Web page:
June 2024 New Horizons

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The Thrill of Desecration

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The Thrill of Desecration

Until recently, one of the unquestioned assumptions about the modern world was the fact that it is disenchanted. This term refers to the idea that in the wake of the Industrial Revolution, the rise of bureaucracy, and the increasing mastery of nature that technology seemed to deliver, the world became a less magical place. Where our medieval ancestors lived in a world that they felt was permeated by the supernatural, we live in a world where everything can be reduced to an algorithm or a technique. The desire of Dickens’s Mr. Gradgrind in Hard Times , that children learn “facts, facts, facts,” exemplifies this attitude. Where once the stars above spoke of mysteries too profound to fathom and of a God whose power and glory has set them in order, now we just see masses of gas undergoing a prosaic chemical process, randomly distributed in otherwise empty, meaningless space. There is a lot of truth to the notion of disenchantment. We do experience the world today in a manner that often lacks mystery, ... Read more

Glory Lost, Glory Regained: The Image of God

We are made in the image of God, after his likeness. This is a foundational truth, giving dignity and worth to every human being, yet strangely there is some recurring confusion as to precisely what is meant by “image of God.” Pause your reading now and jot down what you think it means to be made in the image of God. You might be surprised. Perhaps you will suggest it means rationality and intellect; perhaps dominion over the creatures; perhaps our capacity for relationships, or spiritual relationship. Does your definition maintain the dignity and worth of every human being? We don’t always get this right. Let me give you an example, a horrible example. You can skip to the next paragraph if you want. In Table Talk , Martin Luther is reported as suggesting that a boy with a severe disability be suffocated. Asked why, he replied, “Because I think he is simply a mass of flesh without a soul” ( Works , 54:396–397). Luther had more to learn. OP pastor George Hammond wrestled with this question ... Read more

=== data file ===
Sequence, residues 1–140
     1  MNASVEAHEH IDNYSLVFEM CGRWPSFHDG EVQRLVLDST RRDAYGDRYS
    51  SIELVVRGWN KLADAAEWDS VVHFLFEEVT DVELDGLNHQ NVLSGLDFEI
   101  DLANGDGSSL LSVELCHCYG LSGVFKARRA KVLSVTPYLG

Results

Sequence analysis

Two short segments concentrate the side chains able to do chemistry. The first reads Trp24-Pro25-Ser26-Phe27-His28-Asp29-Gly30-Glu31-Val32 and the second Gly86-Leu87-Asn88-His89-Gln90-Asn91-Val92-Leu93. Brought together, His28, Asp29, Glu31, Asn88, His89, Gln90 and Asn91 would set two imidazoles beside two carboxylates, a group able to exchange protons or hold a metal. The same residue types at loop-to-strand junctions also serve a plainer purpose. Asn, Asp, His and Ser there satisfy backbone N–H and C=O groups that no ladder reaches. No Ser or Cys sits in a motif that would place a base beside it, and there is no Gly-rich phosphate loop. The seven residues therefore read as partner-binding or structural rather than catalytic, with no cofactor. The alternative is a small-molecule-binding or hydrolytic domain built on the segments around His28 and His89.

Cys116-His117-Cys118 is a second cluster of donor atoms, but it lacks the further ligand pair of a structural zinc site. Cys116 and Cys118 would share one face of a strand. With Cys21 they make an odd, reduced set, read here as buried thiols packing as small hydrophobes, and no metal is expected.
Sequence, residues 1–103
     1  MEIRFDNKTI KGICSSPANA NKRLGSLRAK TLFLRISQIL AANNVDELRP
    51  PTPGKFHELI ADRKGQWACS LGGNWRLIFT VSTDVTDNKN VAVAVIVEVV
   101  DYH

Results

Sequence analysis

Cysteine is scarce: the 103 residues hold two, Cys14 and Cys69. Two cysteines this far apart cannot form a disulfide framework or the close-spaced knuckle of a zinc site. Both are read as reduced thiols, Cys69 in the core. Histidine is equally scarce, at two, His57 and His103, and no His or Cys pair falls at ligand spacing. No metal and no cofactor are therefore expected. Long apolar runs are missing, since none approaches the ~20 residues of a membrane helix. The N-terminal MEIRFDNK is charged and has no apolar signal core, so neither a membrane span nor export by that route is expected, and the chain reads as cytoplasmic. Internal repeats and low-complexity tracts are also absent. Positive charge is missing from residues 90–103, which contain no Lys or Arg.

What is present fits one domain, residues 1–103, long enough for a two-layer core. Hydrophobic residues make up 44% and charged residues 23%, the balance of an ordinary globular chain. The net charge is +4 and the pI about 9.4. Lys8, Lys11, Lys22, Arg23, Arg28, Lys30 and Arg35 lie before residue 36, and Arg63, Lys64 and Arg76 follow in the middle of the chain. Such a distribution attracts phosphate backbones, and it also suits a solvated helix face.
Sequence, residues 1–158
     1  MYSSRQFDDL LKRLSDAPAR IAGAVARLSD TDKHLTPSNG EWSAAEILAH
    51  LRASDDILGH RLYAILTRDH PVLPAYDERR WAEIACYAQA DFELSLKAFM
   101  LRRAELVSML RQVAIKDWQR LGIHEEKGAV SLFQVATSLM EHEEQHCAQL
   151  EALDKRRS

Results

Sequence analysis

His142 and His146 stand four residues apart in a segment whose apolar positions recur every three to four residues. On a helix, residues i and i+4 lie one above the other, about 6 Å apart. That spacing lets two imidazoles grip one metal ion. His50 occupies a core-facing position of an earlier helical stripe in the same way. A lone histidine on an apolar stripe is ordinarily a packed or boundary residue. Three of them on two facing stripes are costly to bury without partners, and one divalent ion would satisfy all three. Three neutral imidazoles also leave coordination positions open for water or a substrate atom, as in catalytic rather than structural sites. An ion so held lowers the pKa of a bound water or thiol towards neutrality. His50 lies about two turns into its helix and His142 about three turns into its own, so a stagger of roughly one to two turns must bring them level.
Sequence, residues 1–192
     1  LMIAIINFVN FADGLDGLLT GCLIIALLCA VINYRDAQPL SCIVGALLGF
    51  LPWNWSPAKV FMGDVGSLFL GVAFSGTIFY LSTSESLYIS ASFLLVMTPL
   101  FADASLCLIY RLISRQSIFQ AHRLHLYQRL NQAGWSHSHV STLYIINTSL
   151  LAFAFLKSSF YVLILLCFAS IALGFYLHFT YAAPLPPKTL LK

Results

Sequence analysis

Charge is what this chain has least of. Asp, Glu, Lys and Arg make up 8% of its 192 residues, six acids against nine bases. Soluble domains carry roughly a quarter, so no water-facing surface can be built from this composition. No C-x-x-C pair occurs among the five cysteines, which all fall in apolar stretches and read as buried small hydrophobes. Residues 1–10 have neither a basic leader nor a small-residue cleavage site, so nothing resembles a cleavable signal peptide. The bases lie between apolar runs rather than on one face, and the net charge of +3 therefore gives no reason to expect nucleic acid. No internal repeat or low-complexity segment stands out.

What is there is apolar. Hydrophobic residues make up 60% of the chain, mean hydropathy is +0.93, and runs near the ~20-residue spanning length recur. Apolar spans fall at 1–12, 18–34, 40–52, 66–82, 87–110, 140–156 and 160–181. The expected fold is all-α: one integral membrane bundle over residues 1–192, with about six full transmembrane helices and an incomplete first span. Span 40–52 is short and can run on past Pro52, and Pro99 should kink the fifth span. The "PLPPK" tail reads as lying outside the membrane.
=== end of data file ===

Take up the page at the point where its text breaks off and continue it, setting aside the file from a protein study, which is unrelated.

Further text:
The Habits of the Heart

How do people change? Is it from the outside in or from the inside out? Or is it both? To think of it in biblical terms, how does sanctification take place? Do we become holy by our habits or by our hearts? Or is it both? A bundle of recent books has contended that being intentional about our habits can have a significant impact for good in our daily lives. These books are complemented by a cluster of Christian authors who have proposed that such insights are cordial to a biblical view of change. A worthy and popular representative of this latter group is James K. A. Smith, author of You Are What You Love: The Spiritual Power of Habit . The Power of Habit Smith’s essential thesis is that certain practices provide the primary catalyst for change in a Christian’s life. We should think of these everyday habits as rituals or “liturgies.” These liturgies are shaping us, for good or for ill. For example, a casual stroll in the mall, he posits, inevitably nurtures a consumeristic outlook, ... Read more

An Anthropology of Addiction

“Every man’s inordinate affection will be his great affliction ” (Augustine). We are what we love. [1] Where our treasure is, there our heart is also. Love is many things, but most certainly pleasure is a necessary element. How can a man say he loves his wife yet does not take pleasure in her? “Greater love has no one” than that demonstrated by Jesus, who “lay down his life for his friends” (John 15:13). Jesus suffered immense pain for his people. “Suffering is love!” one may argue and argue correctly in the appropriate context. However, it was “for the joy . . . set before him [that he] endured the cross” (Heb. 12:2). Joy is not flavorless. Joy is not bland. Joy is, well, for lack of a better word—enjoyable! The Gifts Inherent to our being is both a capacity and drive for pleasure. This is not a bug in the system, but a design feature. We are created in such a way that we seek out experiences that are pleasurable. This was true before the fall, as evidenced by Adam’s ... Read more


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